2. It is more to the point now that we enter on an explanation of this expression about Pharaoh's being" raised up" as an exhibition of God's power and supremacy. For years of injustice in administration of the government, of tyranny in treatment of the Israelite working-people, and of superstitious idolatry in his worship, it is clear that Menephtah had been known and read of all men. Just then it pleased God to teach Israel, His chosen people, a lesson of dependence upon Himself; He determined to show His complete and irresistible supremacy over any one and every one else who was in a position to defy Him. The government of Israel was a theocracy; that is to say, God in person was the King of it, and Moses was the earthly representative before the people. He therefore needed a conspicuous antagonist. Menephtah was chosen. God might have selected the king of the Philistine nation or the Amorite; it is likely both were as bad as Pharaoh. What He did do was to choose this king of Egypt, the descendant of some awful generations of miscreant tyrants — himself as wicked as the worst. This king, Menephtah, the Lord took when he was at the height of his power. He kept him alive; He endured his defiance; He preserved a balance in His mind so that he should not go insane; He gave him an unbroken season of health; He guarded against any useless or unhelpful insurrection in his realm; He patiently bore with his blasphemy. Then, as the conflict grew more malignant, instead of cutting this rebel off in the midst of his daring impiety, God kept giving him more and harder disciplines — all calculated, mind you, to do him good, if he would only accept and improve them to good; thus kindling anew his passions with fresh fuel. The purpose seems to have been just to draw this one man out, to exhaust his tremendous powers and capabilities to the very utmost, so as to have the Hebrews understand that no king, not even at the highest conception of force and tyranny, was or could be a match for the great Jehovah who was their King and their God. In this sense Pharaoh was "raised up," so as to become a recognized sinner for times and races in the unborn future, a shining shame before the world.

3. "As he loved cursing, so let it come unto him; as he delighted not in blessing, so let it be far from him." Menephtah does not stand alone in history, by any means. Cain, Saul, the king of Israel, Sihon, Belshazzar, Judas Iscariot, had a similar trial of human will against the Divine. These men were conspicuous; not all men are as much so; but all have the same human nature. Indeed, most of us are distinctly conscious of being perfectly unconstrained in all of our moral decisions. We should say, each one of us, if the inquiry were raised, that there never was a moment in all this man's career in which if he had turned and repented, he might not have been saved, no matter how far on in his guilt he might have advanced: so it seems now to ourselves. There is a theological doctrine called reprobation; the truth appears to be that at some period in the controversy with a human soul, God does judicially withdraw His Spirit, and then there is a solemn crisis reached for the experience of hardness; it looks as if a man could not repent, could not be saved, beyond that line of defiance and despair. Now, everything the Lord does to save a good man, if done to this reprobate, only makes him worse. How can that be helped? The free will is kept up, and the sovereignty does not yield. There is no defence, so far as can be discovered, against the power of an unrighteous man to make a vicious perversion of God's most generous dealings.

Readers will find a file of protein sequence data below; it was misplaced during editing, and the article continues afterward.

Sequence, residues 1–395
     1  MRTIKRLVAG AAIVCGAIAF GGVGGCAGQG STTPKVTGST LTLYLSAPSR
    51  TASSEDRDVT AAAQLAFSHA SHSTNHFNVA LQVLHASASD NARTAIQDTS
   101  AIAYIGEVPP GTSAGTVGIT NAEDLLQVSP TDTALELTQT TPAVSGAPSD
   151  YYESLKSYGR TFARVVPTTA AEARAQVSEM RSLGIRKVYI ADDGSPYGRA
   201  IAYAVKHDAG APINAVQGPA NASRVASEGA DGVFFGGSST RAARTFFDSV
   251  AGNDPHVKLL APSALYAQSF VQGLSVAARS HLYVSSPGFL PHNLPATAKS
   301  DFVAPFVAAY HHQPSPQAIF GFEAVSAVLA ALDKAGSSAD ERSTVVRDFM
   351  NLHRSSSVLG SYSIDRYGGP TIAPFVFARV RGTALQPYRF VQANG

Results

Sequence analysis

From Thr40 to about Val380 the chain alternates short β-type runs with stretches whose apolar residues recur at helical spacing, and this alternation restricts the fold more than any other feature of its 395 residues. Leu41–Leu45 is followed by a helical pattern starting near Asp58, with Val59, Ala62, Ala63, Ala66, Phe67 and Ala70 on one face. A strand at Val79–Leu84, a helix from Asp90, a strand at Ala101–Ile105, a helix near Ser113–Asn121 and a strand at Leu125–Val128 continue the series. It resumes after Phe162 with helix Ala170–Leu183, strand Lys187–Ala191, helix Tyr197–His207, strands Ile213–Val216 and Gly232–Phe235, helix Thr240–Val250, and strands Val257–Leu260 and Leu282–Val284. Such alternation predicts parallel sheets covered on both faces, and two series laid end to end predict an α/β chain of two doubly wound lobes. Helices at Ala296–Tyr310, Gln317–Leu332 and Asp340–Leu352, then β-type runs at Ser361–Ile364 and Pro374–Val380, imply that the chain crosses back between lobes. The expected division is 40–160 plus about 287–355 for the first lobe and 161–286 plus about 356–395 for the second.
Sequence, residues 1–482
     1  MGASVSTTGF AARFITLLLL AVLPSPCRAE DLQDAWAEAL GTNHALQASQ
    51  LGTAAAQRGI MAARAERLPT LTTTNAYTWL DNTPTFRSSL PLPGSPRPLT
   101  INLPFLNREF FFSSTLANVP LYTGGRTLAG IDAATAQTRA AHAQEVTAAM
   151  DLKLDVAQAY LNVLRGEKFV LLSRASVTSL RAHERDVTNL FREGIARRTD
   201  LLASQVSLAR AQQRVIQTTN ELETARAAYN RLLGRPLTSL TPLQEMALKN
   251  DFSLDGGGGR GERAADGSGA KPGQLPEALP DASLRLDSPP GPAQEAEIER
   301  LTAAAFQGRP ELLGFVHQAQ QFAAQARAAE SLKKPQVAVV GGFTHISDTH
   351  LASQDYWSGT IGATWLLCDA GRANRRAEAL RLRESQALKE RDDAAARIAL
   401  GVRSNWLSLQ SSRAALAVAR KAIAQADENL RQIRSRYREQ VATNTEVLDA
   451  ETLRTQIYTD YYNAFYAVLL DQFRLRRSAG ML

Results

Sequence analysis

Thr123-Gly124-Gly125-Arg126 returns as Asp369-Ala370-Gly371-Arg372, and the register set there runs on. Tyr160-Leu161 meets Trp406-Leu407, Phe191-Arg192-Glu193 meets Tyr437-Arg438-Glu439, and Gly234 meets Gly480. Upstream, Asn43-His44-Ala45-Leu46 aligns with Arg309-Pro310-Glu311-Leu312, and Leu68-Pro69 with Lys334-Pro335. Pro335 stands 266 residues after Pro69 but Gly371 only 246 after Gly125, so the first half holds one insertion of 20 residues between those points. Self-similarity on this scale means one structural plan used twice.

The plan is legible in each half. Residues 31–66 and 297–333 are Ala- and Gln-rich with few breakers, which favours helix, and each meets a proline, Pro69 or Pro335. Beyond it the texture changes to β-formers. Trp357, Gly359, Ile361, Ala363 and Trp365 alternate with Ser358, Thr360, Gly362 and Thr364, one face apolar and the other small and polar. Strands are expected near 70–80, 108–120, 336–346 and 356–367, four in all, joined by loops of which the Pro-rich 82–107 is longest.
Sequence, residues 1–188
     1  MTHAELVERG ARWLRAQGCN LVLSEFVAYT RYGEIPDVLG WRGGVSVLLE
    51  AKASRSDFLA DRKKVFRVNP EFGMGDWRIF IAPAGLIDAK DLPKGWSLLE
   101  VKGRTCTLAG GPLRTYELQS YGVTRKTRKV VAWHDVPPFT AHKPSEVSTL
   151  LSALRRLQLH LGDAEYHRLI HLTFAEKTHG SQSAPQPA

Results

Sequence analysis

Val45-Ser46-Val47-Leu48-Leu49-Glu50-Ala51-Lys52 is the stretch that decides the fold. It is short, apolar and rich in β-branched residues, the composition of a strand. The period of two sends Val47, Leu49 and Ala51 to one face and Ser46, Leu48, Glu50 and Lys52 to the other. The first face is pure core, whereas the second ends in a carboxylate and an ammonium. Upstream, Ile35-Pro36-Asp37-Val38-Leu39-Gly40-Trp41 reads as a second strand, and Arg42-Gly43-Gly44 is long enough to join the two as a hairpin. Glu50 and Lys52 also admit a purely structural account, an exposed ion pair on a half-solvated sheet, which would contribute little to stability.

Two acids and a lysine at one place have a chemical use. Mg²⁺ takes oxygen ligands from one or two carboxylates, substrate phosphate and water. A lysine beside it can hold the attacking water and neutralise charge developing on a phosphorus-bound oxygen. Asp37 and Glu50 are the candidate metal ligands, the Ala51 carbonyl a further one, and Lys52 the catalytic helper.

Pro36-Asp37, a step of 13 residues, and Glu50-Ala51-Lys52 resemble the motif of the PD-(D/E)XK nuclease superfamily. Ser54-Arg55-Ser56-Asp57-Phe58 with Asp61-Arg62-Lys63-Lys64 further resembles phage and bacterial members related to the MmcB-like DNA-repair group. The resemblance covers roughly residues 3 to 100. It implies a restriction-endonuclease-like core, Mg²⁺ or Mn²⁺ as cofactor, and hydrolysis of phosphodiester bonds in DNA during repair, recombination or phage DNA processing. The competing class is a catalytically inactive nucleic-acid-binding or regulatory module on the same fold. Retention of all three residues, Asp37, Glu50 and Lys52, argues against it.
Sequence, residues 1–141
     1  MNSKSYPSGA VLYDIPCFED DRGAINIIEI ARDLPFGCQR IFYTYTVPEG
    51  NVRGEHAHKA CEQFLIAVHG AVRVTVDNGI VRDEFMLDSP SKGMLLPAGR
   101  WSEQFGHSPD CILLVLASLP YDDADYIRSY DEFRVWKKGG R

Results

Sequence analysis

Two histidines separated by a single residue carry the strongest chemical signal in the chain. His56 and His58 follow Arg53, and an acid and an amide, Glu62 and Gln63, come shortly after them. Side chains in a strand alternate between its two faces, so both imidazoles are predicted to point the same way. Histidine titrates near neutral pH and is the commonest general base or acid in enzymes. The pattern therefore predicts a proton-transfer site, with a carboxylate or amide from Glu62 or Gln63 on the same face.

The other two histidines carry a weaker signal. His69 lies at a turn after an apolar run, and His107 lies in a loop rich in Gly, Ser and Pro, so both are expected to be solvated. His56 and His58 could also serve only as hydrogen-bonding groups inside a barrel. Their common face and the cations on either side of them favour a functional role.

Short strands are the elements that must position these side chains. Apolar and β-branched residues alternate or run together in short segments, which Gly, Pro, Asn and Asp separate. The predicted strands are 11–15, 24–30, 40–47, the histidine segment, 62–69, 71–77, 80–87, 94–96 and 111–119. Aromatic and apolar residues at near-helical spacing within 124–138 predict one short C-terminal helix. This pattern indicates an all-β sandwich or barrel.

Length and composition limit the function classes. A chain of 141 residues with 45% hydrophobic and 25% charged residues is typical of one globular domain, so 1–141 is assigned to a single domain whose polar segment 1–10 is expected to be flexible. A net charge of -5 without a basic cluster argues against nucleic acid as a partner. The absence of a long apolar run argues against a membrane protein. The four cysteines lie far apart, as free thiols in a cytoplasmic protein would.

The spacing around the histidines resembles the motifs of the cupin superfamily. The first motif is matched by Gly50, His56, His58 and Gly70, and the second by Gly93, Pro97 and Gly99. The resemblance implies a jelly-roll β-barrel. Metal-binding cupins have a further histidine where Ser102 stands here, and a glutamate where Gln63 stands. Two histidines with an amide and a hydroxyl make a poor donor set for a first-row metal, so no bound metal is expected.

4. There is a reprobation before death. The sentiment is not accurately true as some persons sing it: it is not always sure that "while the lamp holds out to burn, the vilest sinner may return." For in his heart there may be a hardness that will hinder him for ever from coming to ask for a pardon through Jesus Christ, and that is essential. After this point is reached, however, God goes right on doing as He did before. God never does anything to any soul with the intention of hardening it. He never "raises up" any man for the sake of casting him down again into hell. He has a right to choose as much as we have in any case. He chose Moses instead of Menephtah, and Israel instead of Egypt; He had mercy on whom He would have mercy. The ancient Thracian emblem of the Deity was a sun with three of its broadest beams proceeding from it: of these, one rested upon a sea of ice and was melting it; another, on a cliff of rock, and was causing it to flow; the third, on a dead man's body, and was rousing it to life. Now, just imagine each one of these, or any one of these, was so free-willed as to be able, and so spiteful as to wish, to resist, so a new chill went into the ice, and a fresh hardness into the rock, and a deeper corruption sunk into the dead body; would the warmth-giving and life-giving sun be to blame, if it still went on shining as before?

(C. S. Robinson, D. D.)